In conclusion, our study represents the first evaluation of piperine modulating the pharmacokinetic parameters of resveratrol. Our data indicate that piperine increases the Cmax and degree of exposure (i.e. AUC) to resveratrol, which appears to be through the inhibition of glucuronidation of resveratrol by piperine. While mechanistic details of this effect remain to be elucidated, our study could have direct application to human studies evaluating the pharmacokinetic profile of resveratrol. For instance, clinical studies have used doses as high as 5 g daily, which is the equivalent of ten capsules (500 mg each). This represents a significant shortcoming in the long-term translational development of resveratrol as described above. One study in particular has shown that 1 g of resveratrol, which is the equivalent of two capsules, was administered daily for 28 days and was well tolerated [29]. All documented adverse events were grade 1 or 2 Common Toxicity Criteria, with many being very mild and transient. Given our results, the strategy of piperine co-administration may allow for a significant decrease in the dose of resveratrol (and capsules) in clinical settings. As a result, we are currently in the process of enrolling subjects into a phase I clinical trial in healthy volunteers to study the effect of piperine on the bioavailability of resveratrol in a clinical setting. Finally, piperine has been shown to be well tolerated in animals and humans; however, it is possible that through the inhibition of glucuronidation, there could the potential to increase the degree of exposure (i.e. AUC) to pharmaceuticals metabolized by glucuronidation. To minimize the systemic effects of piperine, our future work is focused on optimizing the dose of piperine to ensure local gastrointestinal effects as a strategy to prevent adverse drug interactions.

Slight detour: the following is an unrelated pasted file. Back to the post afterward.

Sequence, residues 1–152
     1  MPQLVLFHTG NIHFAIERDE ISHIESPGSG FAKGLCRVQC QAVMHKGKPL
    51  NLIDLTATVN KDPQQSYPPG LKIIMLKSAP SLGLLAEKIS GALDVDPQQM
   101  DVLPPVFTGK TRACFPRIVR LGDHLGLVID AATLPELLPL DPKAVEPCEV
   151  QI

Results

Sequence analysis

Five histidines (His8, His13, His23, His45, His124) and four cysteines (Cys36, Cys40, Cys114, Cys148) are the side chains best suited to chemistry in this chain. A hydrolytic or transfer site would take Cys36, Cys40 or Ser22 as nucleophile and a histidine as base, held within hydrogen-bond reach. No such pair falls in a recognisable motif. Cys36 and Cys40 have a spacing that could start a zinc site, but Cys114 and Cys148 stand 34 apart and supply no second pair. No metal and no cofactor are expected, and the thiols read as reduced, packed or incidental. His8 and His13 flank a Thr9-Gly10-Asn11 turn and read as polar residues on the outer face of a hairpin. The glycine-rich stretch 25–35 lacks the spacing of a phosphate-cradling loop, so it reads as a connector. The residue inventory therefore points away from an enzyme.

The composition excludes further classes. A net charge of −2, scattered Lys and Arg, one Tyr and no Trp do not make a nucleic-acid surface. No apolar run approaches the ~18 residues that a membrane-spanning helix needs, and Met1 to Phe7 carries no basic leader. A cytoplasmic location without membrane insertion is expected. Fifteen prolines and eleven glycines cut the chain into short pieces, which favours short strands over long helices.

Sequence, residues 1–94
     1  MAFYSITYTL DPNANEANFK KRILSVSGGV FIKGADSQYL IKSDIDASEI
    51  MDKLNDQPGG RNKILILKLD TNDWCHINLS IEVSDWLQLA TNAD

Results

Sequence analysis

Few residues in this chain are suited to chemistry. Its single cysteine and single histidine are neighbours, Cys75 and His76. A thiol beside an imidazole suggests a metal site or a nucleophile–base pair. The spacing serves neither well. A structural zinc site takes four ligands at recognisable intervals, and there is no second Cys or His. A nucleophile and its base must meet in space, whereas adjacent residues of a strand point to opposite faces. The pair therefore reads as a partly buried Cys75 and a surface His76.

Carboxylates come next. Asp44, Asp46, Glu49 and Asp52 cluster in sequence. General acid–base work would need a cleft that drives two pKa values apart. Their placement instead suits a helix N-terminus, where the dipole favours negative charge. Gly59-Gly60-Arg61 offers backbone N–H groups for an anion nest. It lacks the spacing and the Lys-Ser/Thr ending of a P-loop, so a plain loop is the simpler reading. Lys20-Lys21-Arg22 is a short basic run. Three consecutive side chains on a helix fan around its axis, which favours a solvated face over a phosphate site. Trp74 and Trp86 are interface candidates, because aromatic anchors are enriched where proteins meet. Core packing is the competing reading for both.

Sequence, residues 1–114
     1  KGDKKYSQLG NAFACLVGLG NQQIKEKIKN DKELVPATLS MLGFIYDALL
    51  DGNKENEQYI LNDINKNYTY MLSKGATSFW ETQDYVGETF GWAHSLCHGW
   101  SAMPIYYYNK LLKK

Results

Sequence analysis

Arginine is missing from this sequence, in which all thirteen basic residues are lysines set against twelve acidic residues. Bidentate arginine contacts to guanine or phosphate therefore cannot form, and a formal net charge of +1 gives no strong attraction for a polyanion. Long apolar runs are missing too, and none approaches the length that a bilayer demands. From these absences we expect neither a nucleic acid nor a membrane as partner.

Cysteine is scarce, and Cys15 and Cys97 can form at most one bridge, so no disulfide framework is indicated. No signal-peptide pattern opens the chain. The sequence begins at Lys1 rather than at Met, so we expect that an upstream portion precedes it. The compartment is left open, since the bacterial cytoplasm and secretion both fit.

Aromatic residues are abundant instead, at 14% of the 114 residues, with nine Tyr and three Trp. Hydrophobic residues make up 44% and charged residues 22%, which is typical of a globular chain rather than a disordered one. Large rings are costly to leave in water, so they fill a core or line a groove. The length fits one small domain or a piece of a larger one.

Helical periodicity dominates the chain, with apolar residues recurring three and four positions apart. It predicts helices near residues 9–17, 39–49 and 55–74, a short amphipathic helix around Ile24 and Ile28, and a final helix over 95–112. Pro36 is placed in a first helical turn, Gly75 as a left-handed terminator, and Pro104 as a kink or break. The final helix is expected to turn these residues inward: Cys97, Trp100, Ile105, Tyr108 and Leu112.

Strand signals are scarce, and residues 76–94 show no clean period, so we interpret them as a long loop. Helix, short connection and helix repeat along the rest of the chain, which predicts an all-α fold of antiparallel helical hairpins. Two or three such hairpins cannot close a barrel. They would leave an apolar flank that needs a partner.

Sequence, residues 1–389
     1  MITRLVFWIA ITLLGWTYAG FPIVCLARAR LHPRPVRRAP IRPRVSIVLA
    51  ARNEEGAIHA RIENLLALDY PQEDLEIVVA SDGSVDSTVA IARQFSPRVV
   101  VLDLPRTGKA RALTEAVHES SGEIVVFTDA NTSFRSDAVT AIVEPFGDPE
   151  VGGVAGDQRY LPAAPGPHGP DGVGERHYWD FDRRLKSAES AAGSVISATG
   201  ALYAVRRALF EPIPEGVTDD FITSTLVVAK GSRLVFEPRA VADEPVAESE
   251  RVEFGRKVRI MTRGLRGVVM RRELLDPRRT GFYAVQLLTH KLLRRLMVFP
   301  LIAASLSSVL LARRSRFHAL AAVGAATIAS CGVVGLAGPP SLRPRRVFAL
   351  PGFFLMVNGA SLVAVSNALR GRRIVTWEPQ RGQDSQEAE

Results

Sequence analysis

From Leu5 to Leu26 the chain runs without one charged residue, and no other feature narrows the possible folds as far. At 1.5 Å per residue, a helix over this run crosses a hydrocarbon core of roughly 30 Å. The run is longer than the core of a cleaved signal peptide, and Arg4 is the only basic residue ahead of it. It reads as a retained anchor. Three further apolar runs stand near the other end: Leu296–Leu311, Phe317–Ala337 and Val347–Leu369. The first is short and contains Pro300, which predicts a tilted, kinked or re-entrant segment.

Acknowledgments

The authors thank Sabinsa, Inc. and Dr. Muhammad Majeed for generously providing resveratrol and piperine for these studies. This work was partially supported by funding from the National Institutes of Health (1R21 CA149560, R01CA114060, and 1R01AR059130).

Footnotes

The authors have declared no conflict of interest.